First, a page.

Web 2.0 — a term referring to a second generation of Internet services that allows people to share information online in new ways — is taking hold in China, whose online population topped 123 million as of June 2006, up 19.4% from the same period a year ago. China Knowledge at Wharton interviewed investors and entrepreneurs for their insights into what Web 2.0 stands for, what difference it will make in Internet-related businesses and what its future is in China.
Fisher Zhang, a partner in Ceyuan Ventures, a venture fund company specializing in high technology, looks at Web 2.0 as a business opportunity, not as a “concept” or a “fad.” “We don’t follow concepts,” he says. “We focus on the business. [It doesn’t matter] if you are Web 1.0, Web 2.0 or what. We invest in companies that can generate revenue or have the potential to become [viable] businesses in the future.”
His company, which oversees a $120 million fund in China, invested in a typical Web 2.0 site — douban.com — this July. Ceyuan Ventures is not alone. In a country where the average online surfer spends 16.5 hours on the Internet per week, according to China Internet Network Information Center (CINIC), it’s common to see venture capitalists pumping millions of dollars into China’s virtual world with the expectation of huge returns. For example, Oak Pacific Interactive, a company that manages seven online communities or social network websites in which Web 2.0 is fully embedded, received $48 million from a consortium of investors, including General Atlantic and Doll Capital Management, in March 2006.
In the first half of 2006, VC investment on the Chinese mainland reached US$772 million, according to zero2IPO, a Beijing-based venture capital research company. The number is up 128% year-on-year, with Internet-related projects accounting for 36% of the total.
“It’s perhaps the first time in Asian private equity industry history that you have two big emerging markets — China and India — that are growing at such a speed and attracting capital into the market”, says Kathleen Ng, managing director at Center of Asia Private Equity Research. “You have big markets that are drawing a huge pool of money from the investors.”
Tao Zhang is one of the players on this stage. After graduating from Wharton in 2002, he started his own dining guide site — dianping.com — and attracted venture capital from the Sequoia Fund earlier this year. “When we got started, there was no conception of Web 2.0 either in the U.S. or in China.” He listed three examples that inspired his company’s entrepreneurial idea: Amazon.com, whose success is partly attributed to its vast and high-quality book reviews; Wikipedia, which convinced him that collective intelligence is not inferior to individual experts’ intelligence; and “ZagatSurvey”, a well-known guide to restaurant reviews and ratings in the U.S. “One to two years later, we realized that dianping.com is just one of those typical Web 2.0 companies,” he says.
Understanding Web 2.0
“Companies that succeed will create applications that learn from their users, using an architecture of participation to build a commanding advantage, not just in the software interface, but in the richness of the shared data,” said Tim O’Reilly, chief executive of tech publisher O’Reilly Media Inc., in a report one year ago that tried to define Web 2.0.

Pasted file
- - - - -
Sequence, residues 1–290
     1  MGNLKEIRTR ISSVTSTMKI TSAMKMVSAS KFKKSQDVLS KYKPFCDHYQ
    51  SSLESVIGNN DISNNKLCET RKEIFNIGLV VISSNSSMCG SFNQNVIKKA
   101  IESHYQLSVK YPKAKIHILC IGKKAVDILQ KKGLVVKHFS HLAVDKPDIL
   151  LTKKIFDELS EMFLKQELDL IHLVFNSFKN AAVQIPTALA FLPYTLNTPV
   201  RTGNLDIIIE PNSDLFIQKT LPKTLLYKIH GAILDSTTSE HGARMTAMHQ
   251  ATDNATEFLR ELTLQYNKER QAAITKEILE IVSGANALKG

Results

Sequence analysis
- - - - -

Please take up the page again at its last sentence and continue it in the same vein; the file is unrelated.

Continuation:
Even he didn’t find it an easy term to define, turning to an analogy for help: “Like many important concepts, Web 2.0 doesn’t have a hard boundary, but rather, a gravitational core. You can visualize web 2.0 as a set of principles and practices that tie together a veritable solar system of sites that demonstrate some or all of those principles at a varying distance from that core.”
Another way to describe Web 2.0 is as the next generation of the World Wide Web that is attempting to build a web-based computing platform with easy-to-create services that will replace what desktop software does today. Kendall Whitehouse, senior director of information technology at Wharton, says future development of the web largely depends on which company’s application program interfaces (APIs) become the standard. APIs are a set of routines, protocols and tools for building software applications. “One reason Microsoft is so concerned about Google is the battle to control the APIs for future web development,” says Whitehouse. “If Google becomes the platform for Web 2.0 development, it would go to the core of Microsoft’s historical advantage.”
What’s interesting about the API bake-off, he adds, is that while Google gets most of the attention, other companies such as Amazon and Salesforce.com have made their APIs available in order to hasten the development of web services Yahoo is also an emerging player.
According to Fisher Zhang, Web 2.0 is “a model for interaction in which user participation is reinforced. Typical examples are blogs and social network sites. However, this concept adds nothing new to the original implications of the Internet at the time of its birth. The concept has to do only with form.”